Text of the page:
Too Smart for Your Own Good

Ignorance Is Bliss-ish

ignorance-is-blissLife is like pouring concrete. (Bear with me here.) The world provides an endless supply of mystery—raw concrete mix—and over time this concrete pours out into our lives, moving from the unknown (concrete mixer) to the known (exposed, wet concrete). We learn new things, have new experiences, and make new discoveries. In this process, we shape our new knowledge into a unique worldview—a concrete foundation. And just like concrete, our worldviews harden over time.

Children are exposed to so much newness that the concrete flows out like a hole in a dam. They mold the onslaught of new information as well as they can, trying to make room for the next layers. As we get older, however, the concrete that once flowed freely begins to slow. For adults, finding new knowledge comes with a cost—our time and energy. Building upon our worldview foundation requires actively seeking the unknown—journeying to the land of new information at the risk (or benefit) of altering our concrete structure.

There are only two ways to change a concrete worldview: Addition or subtraction; either we (a.) add more concrete—more knowledge—that can be molded around the existing structure, or (b.) we take a jack-hammer to our concrete edifice in an attempt to reconfigure its appearance. The former option is more delicate, incremental, and self-directed. The latter is less controlled, more dramatic, and often occurs by outside influence. Experiences that fly in the face of our worldview are processed in different ways by different people. And while the truth has a way of eroding our most egregious misconceptions, some people’s structures are more protected than others.

The world is essentially made up of three types of people: 1. Never Quitters, 2. Bitter Quitters, and 3. Happy Quitters. This is to say that there are people who persist, people who give up in discouragement, and people who are content watching rather than participating. Let’s examine each of these three groups using a totally nonscientific nor rigorous methodology—the clichés that they most represent.

Never Quitters are the persistent, “lifelong learners” who continually pour and shape concrete onto their worldview foundation. They are so named for the motivational cliché, “Never give up.” Bitter Quitters are ex-Never Quitters who, in their search of the unknown, stumbled upon an undesirable reality and decided to go no further. This group is summarized by the phrase, “Better the devil you know, than the devil you don’t.” And the final group—the Happy Quitters—may know of a world beyond their bubble, but choose not to explore it, because… well… why would they? They’re content with their lives. Theirs is a comfortable bubble, like being tucked under warm, cozy blankets in a frigid bedroom. And for this group, “Ignorance is bliss.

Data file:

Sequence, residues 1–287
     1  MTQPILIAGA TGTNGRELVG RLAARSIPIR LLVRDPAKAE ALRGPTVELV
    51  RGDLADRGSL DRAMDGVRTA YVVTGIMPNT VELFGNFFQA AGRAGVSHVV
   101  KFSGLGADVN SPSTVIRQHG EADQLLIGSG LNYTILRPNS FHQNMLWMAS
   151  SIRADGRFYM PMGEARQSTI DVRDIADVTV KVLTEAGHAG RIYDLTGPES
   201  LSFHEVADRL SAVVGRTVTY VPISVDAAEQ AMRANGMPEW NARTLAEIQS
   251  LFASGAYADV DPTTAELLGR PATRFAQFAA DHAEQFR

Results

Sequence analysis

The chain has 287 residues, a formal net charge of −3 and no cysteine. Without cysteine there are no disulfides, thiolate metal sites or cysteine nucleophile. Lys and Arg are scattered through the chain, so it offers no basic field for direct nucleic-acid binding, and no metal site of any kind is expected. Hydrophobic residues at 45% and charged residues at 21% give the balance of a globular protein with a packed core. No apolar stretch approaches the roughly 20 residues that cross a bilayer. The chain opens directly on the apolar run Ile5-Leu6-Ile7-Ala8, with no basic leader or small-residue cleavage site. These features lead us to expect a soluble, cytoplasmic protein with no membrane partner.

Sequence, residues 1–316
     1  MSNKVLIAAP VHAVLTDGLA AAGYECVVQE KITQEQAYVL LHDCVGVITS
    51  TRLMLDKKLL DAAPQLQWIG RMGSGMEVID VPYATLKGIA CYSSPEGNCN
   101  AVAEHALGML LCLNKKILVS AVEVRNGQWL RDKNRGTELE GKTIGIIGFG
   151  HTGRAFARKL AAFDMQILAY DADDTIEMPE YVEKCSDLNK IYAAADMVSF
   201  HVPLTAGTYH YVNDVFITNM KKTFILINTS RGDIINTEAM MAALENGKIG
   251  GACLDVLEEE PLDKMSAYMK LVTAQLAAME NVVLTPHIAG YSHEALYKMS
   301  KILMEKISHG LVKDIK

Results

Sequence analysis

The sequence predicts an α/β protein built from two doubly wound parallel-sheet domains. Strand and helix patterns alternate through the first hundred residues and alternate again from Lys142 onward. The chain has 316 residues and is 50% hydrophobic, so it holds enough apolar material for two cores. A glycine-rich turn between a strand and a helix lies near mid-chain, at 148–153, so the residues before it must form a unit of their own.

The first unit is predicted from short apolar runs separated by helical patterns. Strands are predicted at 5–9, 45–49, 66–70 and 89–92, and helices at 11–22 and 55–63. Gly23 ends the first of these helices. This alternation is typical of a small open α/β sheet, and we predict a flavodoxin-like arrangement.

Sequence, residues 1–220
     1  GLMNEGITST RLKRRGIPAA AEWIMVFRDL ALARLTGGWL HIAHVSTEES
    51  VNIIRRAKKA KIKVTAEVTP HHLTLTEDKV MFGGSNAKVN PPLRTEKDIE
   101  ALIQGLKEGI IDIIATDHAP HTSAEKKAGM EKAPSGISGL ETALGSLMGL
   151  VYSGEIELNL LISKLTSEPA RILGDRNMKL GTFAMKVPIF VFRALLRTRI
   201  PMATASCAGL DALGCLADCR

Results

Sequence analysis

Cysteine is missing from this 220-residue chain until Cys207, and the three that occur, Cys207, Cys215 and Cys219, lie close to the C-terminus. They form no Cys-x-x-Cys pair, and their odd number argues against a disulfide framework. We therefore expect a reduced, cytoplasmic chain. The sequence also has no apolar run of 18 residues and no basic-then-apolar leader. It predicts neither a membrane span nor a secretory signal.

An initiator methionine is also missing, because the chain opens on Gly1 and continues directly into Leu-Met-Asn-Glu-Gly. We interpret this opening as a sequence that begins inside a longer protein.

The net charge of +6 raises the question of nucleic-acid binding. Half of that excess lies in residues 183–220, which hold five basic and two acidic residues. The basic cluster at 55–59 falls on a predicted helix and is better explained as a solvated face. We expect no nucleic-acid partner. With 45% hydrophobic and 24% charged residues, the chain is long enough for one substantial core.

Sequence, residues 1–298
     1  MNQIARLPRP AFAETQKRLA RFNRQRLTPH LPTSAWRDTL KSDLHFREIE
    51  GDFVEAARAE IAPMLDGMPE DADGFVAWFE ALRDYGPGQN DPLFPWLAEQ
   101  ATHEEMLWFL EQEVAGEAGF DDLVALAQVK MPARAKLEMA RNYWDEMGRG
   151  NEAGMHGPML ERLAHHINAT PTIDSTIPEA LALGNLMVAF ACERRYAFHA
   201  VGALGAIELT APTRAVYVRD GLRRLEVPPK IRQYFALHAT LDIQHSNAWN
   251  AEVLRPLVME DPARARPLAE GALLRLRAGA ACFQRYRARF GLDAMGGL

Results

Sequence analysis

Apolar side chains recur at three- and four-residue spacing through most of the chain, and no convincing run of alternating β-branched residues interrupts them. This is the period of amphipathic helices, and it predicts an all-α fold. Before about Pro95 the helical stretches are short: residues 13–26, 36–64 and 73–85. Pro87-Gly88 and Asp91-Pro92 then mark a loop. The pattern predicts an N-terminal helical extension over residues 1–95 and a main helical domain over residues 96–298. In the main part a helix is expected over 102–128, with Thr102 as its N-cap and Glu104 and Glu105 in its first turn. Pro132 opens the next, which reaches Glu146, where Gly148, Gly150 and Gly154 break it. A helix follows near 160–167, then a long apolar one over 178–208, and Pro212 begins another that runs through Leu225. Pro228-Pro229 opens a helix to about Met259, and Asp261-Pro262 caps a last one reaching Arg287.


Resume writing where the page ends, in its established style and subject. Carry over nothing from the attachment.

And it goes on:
In a world where, as YaleGlobal Online reports, “the gap between job requirements and available skills is widening,” and technological advancement is outpacing society’s ability to keep up, it seems “obvious” to the Never Quitters that continual learning is imperative. To a Never Quitter, bowing out of the world of learning seems like an admission of defeat. “Now, more than ever, is a time for continual learning, up-skilling, and growing to stay relevant in an ever-changing landscape,” the Never Quitter may say. But they are missing a crucial point.

There is value in the known, the familiar, and the comfortable (especially if such a worldview has a solid foundation). The known allows for a state of low-anxiety and contentment. Also, we all become either a Bitter or Happy Quitter eventually. The 97-year-old lifelong learner may decide that he’s perfectly content not understanding how Twitter works. It’s a common mistake of the “Too Smart for Your Own Good” cohort to think that everyone would benefit from journeying down the Path of the Mental Unknown. They fail to acknowledge the personal benefits of a comfortable, insulated worldview, which Quitters regularly enjoy. In order to coexist, people are not required to agree on how best to live life, but we do need to understand one another’s perspective. How each of us shapes the concrete that life provides is completely up to us.concrete-life

This is the third installment of a series titled “Too Smart  for Your Own Good.”


For more information on lifelong learners in America, consider reading the following report: Pew Research Center, March, 2016, “Lifelong Learning and Technology.” (Source)

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Too Smart for Your Own Good

The Problem with Logic

tug-o-war2There is an art to getting things done. The problem with logic is that it’s only half of the equation (and “half” is being generous). Logic can lead to a false sense of understanding. “This is the logical explanation,” we may say. There’s a logical choice, a logical path, a “right way.” But logical thinking often neglects to consider the other half of the equation—the emotional half. And emotions are a much more powerful force.